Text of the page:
Normally in September my Quotes of the Week (and some of my most popular Images of Interest) have focused on work. But increasingly in my part of the world there is a sense of massive change in progress. Work as we have known it seems to be going away or fundamentally changing. We may well ask what is the future of work?
Where are we now?
We live in a current economy of low unemployment. But there’s not much sense of prosperity or well-being in the circles where I travel–and I’m not alone.
Wages are mostly stagnant. Income disparity is growing. Even more than globalization, robots are taking more of the “gold standard” manufacturing jobs that used to be the backbone of the middle class.
We’re at a moment of change. So, then, what is the future of work?
People have to do something with their time. And very few of them are willing to spend their lives just idly partying away till they die. That might appeal for a while (longer to some than others, no doubt), but after all is said and done, most people actually do want a purpose in life. Many find that purpose in their work.
Beware of too much idealism
But what if the future of work turns out to mean fewer and fewer jobs? Where do people find purpose in life? Many people believe that society must place a higher value on the work that robots and AI can’t do.
But human-interaction jobs, hands-on caregiving and individual interactions, as well as many types of creative work, have long been undervalued in our culture. These are in what is called the service sector. Is that the future of work?
Habits change slowly. What has been valued and prioritized in the past will by sheer mental habit tend to be valued and prioritized well into the future. The future of work may well include more “service sector” jobs and “gig work.” But will that somehow translate into well-paying jobs, even though it has seldom done so in the past?
Certainly there are entertainment superstars (standouts in sports, music, etc.) in the service sector who rake in massive profits, but they’re the rare exceptions. Highly skilled tech workers who can manage whole factories full of robots also will number relatively few, out of the general population. They’re the outliers.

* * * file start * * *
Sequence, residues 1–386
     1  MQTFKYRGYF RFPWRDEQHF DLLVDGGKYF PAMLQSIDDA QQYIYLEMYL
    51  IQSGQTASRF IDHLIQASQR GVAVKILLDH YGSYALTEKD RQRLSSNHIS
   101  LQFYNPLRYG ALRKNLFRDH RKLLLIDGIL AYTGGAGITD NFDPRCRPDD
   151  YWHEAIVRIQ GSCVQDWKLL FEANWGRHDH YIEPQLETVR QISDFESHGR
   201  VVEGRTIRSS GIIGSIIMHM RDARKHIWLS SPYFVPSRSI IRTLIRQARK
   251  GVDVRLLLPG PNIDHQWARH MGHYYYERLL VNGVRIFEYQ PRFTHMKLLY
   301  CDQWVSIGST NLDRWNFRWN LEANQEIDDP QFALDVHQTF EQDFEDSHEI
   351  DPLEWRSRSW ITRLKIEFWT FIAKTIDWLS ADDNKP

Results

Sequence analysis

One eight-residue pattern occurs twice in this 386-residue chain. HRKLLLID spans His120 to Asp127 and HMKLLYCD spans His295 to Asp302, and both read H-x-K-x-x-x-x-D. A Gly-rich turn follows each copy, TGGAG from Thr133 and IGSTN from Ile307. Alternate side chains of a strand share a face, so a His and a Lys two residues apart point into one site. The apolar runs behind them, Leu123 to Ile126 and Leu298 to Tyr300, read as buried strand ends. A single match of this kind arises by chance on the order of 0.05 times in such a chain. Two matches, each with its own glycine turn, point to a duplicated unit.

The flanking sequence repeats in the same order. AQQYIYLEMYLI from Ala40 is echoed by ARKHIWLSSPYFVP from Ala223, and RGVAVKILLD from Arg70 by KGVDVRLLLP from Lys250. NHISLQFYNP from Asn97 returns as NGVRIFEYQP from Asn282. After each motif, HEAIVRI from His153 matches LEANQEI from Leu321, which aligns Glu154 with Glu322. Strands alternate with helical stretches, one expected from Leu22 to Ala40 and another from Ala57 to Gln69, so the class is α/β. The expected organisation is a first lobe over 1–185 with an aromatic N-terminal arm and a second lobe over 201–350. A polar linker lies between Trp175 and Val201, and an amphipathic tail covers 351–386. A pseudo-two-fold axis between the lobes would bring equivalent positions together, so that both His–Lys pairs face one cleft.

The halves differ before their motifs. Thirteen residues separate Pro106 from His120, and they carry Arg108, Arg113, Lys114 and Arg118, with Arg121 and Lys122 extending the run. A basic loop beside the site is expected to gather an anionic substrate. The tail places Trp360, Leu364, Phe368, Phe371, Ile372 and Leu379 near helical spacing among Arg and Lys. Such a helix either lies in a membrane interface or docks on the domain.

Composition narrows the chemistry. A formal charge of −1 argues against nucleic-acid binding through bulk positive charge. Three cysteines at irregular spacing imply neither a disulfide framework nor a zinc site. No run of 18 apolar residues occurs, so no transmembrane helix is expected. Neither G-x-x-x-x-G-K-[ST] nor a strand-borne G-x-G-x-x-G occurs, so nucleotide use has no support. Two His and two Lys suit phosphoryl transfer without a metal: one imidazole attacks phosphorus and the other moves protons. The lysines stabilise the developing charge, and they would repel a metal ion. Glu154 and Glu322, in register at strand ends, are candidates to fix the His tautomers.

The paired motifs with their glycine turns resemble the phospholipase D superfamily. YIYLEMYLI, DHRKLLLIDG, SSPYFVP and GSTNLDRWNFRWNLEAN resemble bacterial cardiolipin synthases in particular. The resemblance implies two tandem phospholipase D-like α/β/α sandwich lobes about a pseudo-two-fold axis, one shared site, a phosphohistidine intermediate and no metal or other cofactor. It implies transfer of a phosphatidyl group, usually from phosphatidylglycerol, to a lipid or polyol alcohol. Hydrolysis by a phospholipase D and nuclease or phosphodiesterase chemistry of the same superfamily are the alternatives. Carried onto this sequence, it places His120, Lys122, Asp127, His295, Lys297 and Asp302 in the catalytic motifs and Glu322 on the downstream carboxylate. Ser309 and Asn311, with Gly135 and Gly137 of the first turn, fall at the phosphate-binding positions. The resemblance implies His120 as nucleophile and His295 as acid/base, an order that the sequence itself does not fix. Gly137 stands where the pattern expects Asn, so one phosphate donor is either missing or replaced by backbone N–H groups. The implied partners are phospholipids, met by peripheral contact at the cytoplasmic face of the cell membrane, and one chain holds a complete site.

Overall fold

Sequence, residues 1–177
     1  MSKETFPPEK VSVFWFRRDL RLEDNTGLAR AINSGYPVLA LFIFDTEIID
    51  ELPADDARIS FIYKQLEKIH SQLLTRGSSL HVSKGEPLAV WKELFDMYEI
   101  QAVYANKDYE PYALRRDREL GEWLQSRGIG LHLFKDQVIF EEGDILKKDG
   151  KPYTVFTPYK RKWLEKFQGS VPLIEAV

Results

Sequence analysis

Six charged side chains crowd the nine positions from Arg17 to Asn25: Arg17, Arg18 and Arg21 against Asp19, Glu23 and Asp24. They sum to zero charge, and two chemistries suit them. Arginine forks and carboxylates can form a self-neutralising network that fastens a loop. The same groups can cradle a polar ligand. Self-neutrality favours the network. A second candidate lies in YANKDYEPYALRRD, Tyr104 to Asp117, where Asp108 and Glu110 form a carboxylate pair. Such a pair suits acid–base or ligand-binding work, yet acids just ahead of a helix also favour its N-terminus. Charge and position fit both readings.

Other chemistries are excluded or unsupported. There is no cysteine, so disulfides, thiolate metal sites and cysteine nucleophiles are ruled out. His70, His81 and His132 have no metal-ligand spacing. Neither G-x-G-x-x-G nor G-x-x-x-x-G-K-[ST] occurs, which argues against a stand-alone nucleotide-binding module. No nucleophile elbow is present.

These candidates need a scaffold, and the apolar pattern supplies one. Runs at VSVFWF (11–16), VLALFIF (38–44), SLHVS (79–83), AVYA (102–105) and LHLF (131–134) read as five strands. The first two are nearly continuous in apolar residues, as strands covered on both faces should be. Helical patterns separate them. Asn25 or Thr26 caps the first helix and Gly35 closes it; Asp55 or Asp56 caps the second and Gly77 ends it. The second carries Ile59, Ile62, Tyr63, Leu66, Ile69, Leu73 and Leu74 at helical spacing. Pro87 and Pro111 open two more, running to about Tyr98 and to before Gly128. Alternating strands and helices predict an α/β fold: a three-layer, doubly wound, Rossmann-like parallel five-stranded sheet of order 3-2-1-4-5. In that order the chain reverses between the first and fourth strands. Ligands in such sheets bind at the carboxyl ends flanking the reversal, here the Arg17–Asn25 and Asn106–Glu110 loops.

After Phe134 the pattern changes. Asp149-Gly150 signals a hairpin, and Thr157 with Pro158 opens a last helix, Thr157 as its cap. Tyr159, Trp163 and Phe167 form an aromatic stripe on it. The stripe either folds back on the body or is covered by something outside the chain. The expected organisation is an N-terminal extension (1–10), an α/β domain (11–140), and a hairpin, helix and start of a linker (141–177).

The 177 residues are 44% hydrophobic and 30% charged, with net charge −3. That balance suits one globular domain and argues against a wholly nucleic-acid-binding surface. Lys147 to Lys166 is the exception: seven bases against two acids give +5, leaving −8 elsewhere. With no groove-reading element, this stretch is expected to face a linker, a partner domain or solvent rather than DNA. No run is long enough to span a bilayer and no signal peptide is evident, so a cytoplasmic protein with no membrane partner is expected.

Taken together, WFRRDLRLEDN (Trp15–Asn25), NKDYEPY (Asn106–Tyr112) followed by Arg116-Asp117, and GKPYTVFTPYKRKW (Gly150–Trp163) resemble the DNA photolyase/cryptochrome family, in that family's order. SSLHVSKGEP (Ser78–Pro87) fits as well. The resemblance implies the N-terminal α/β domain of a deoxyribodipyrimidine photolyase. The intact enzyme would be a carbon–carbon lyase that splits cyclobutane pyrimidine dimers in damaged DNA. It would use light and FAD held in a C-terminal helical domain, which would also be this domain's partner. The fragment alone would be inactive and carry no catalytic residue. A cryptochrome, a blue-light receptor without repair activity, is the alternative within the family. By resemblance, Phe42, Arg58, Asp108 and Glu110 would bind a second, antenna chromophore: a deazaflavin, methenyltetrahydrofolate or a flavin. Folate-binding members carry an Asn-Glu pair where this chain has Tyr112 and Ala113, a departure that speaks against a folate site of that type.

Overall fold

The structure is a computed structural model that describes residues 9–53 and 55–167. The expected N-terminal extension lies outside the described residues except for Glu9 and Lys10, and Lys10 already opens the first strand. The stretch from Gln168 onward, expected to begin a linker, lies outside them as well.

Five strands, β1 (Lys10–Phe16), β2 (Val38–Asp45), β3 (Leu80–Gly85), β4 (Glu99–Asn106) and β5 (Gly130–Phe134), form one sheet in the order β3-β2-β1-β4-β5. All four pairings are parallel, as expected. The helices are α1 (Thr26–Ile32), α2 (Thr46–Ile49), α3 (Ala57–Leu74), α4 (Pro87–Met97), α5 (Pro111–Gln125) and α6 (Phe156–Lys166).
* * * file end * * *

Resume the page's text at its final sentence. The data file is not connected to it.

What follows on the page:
Humans may be doing things that only humans can do, but current trends seem to indicate many won’t be making middle class incomes doing them. Doubt my analysis? Quick check: how many wealthy early childhood education teachers do you know?
What, then, is the future of work?
It’s likely going to be a development of several forces, not all of which are anticipated yet. A 2014 canvass of experts in related fields by The Pew Research Center yielded slightly more positive predictions than negative, but the responses were almost 50-50. Everyone agrees it will be different.
Optimists suggest maybe more of us will be able to find interesting, creative work—or, at least, suffer fewer physical hazards and less boredom. Some policymakers warn that government will need to build in “guardrails” to help us develop a human-friendly workplace in the future. Some, like Democratic presidential hopeful Andrew Yang, favor a guaranteed minimum income to offset jobs lost to automation.
Whatever directions the workplace evolves, it’s clear we should be having the conversation now. We all need to have a say, regarding what is the future of work.
IMAGE CREDITS: Many thanks to Edicia for the futuristic looking command center image; to The Pew Research Center, for the quote from Stowe Boyd; to Futurist Gerd, for the “brain illustration” image on the future of jobs, work, and education; to Rasumussen College for the “What Can You Do with an Early Childhood Education Degree?” image; and to Jonathan Lockwood Huie’s website and Dream this Day for his advice about building the future.